WOW. Have you ever read a book that you couldn’t stop thinking about for weeks after you put it down? Soul Lanterns was like that for me. This book both disturbed me and touched my soul, and while I do think it might be a bit too traumatic for the intended age group, it is one that really stuck with me and I highly recommend for young adult and adult readers.

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The summary, from Amazon:

The haunting and poignant story of a how a young Japanese girl’s understanding of the historic and tragic bombing of Hiroshima is transformed by a memorial lantern-floating ceremony.

Twelve-year-old Nozomi lives in the Japanese city of Hiroshima. She wasn’t even born when the bombing of Hiroshima took place. Every year Nozomi joins her family at the lantern-floating ceremony to honor those lost in the bombing. People write the names of their deceased loved ones along with messages of peace, on paper lanterns and set them afloat on the river. This year Nozomi realizes that her mother always releases one lantern with no name. She begins to ask questions, and when complicated stories of loss and loneliness unfold, Nozomi and her friends come up with a creative way to share their loved ones’ experiences. By opening people’s eyes to the struggles they all keep hidden, the project teaches the entire community new ways to show compassion.

Soul Lanterns is an honest exploration of what happened on August 6, 1945, and offers readers a glimpse not only into the rich cultural history of Japan but also into the intimate lives of those who recognize–better than most–the urgent need for peace.

Buy Soul Lanterns here.

Soul Lanterns tells the story of middle schooler Nozomi and her friends as they uncover the stories of the Hiroshima survivors in their lives. These second generation survivors have chosen to focus their yearly art feature on Hiroshima, then and now. While preparing their art projects, they learn the stories of the people in their lives who lost loved ones and were affected that day, from relatives to neighbors to their art teacher and Nozomi’s mother, who releases a lantern with no name on it every year.

This was such a moving book and also a very disturbing one. I could not stop thinking about it for the longest time, and the images it put in my head kept me up at night. I have been appalled by the dropping of an atomic bomb on Hiroshima by the United States during WWII since I first learned about it, but this was the first time I ever read an account, though fictionalized, written by a second generation survivor. I never put much thought into what the survivors had to deal with, and what the effects might have been for those who did not immediately perish that day.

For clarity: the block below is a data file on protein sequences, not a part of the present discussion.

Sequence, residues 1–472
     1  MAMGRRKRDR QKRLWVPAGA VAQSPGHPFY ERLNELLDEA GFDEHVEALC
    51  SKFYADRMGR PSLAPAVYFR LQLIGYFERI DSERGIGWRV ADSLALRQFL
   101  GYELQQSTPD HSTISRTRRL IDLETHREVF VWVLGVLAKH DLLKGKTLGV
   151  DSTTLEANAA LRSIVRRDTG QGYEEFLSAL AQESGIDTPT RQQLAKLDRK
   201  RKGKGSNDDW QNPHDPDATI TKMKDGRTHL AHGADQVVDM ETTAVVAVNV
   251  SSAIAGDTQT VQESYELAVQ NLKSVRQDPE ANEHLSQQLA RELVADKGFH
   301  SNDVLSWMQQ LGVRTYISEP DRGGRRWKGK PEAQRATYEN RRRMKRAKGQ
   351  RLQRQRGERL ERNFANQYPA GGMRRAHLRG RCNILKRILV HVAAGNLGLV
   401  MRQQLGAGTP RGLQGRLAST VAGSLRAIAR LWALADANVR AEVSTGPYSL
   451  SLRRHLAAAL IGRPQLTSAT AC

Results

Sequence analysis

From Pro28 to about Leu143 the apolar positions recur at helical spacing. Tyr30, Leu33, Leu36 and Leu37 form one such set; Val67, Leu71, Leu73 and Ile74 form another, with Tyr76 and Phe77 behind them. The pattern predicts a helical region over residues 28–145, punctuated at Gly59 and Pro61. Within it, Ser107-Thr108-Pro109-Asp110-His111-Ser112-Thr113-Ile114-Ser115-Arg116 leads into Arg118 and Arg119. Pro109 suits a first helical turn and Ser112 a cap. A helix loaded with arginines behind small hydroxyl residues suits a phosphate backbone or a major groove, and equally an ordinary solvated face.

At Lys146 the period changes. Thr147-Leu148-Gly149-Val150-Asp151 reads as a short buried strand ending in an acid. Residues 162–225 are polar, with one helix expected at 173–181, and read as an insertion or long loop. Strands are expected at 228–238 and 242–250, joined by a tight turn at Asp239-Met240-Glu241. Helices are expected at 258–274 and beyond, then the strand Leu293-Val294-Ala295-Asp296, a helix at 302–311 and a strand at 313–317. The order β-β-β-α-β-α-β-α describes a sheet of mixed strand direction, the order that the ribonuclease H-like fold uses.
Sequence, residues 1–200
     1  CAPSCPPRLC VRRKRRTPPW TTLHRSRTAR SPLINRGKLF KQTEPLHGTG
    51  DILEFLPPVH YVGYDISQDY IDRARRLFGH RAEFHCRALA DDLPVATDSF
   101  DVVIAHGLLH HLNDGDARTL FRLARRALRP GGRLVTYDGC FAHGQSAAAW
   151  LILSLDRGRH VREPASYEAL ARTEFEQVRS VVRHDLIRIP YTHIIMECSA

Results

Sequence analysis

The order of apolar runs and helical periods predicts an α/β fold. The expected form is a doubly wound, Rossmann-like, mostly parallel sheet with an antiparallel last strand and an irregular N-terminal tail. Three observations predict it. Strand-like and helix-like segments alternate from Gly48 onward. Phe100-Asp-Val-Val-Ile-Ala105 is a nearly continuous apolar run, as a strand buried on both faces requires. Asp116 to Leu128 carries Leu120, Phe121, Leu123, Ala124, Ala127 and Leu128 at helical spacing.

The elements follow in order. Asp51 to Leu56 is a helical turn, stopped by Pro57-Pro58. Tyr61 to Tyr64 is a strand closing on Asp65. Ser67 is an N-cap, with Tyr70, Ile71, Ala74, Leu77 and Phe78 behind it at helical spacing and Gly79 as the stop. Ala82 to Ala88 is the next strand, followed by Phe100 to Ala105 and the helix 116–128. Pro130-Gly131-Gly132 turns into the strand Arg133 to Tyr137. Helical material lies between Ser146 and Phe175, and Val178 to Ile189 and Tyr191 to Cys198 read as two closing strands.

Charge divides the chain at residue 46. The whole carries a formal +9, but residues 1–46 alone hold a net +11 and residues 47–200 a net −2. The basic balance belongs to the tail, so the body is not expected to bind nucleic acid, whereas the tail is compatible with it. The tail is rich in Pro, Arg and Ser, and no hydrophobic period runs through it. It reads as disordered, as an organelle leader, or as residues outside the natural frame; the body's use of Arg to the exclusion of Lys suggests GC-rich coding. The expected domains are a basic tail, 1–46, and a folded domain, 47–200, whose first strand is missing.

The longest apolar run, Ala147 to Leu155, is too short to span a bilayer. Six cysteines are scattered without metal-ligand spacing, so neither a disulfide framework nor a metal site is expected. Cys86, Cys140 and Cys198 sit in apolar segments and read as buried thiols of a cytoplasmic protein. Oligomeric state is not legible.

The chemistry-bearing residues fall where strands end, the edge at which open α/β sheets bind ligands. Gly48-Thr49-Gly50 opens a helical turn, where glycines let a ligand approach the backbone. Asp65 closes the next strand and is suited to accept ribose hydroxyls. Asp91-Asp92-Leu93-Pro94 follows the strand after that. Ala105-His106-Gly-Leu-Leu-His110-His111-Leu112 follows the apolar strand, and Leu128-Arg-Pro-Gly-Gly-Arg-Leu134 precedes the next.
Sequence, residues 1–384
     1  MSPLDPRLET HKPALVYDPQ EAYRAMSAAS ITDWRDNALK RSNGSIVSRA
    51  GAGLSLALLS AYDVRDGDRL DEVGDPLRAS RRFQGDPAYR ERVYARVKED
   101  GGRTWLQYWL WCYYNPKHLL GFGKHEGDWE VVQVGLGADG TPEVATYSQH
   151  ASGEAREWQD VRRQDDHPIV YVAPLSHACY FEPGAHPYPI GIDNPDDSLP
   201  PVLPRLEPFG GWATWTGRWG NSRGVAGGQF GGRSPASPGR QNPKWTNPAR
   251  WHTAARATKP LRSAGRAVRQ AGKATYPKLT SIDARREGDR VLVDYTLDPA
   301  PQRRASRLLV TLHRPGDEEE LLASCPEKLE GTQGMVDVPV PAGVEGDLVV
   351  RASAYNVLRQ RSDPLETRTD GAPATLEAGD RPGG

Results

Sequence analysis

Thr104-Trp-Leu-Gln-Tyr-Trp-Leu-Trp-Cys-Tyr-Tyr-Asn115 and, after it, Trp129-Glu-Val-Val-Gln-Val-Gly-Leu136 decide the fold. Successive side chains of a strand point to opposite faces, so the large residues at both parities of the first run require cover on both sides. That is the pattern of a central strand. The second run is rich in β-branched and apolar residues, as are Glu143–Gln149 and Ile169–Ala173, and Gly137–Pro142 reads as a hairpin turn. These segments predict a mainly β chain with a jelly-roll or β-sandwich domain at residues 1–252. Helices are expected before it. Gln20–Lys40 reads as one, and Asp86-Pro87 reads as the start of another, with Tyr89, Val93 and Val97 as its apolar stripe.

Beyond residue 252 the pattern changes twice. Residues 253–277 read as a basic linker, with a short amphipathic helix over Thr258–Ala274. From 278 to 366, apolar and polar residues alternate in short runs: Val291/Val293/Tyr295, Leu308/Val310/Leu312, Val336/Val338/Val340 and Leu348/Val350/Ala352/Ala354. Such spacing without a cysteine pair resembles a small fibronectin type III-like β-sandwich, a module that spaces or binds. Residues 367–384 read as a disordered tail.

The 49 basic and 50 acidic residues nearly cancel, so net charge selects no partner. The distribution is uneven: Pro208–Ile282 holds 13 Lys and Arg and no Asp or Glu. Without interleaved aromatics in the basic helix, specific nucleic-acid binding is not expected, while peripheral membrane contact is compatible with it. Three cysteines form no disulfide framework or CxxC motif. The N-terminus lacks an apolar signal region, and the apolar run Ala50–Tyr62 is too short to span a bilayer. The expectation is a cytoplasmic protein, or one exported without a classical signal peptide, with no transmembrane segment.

This book shook me to my core. The powerful anti-war sentiments will stick with children, though I do worry some of the scenes described might be too disturbing for younger readers. I am not sure if I was so disturbed because I am an adult with more context and knowledge of war crimes my country has committed and continues to commit, but I was nauseated for days after putting this one down. I don’t know that a child could handle having the same reaction, though I question that they would at all.

This is a powerful read that I highly recommend for teens and adults in my life, and perhaps mature middle grade readers. I enjoyed the translation and rate it 5 stars.

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Soul LanternsSoul Lanterns by Shaw Kuzki
My rating: 5 of 5 stars

WOW, what a powerful book with strong anti-war sentiments. Though this is middle grade, some of the scenes are very graphic and traumatic and I would not recommend for everyone. Nonetheless, this is a very important, emotionally impactful book by a second-generation atomic-bomb survivor.

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Book Club Questions

  1. What did you know about Hiroshima and/or the atomic bomb that was dropped there before reading this book? What did you learn?
  2. Whose story touched you the most? Whose art project?

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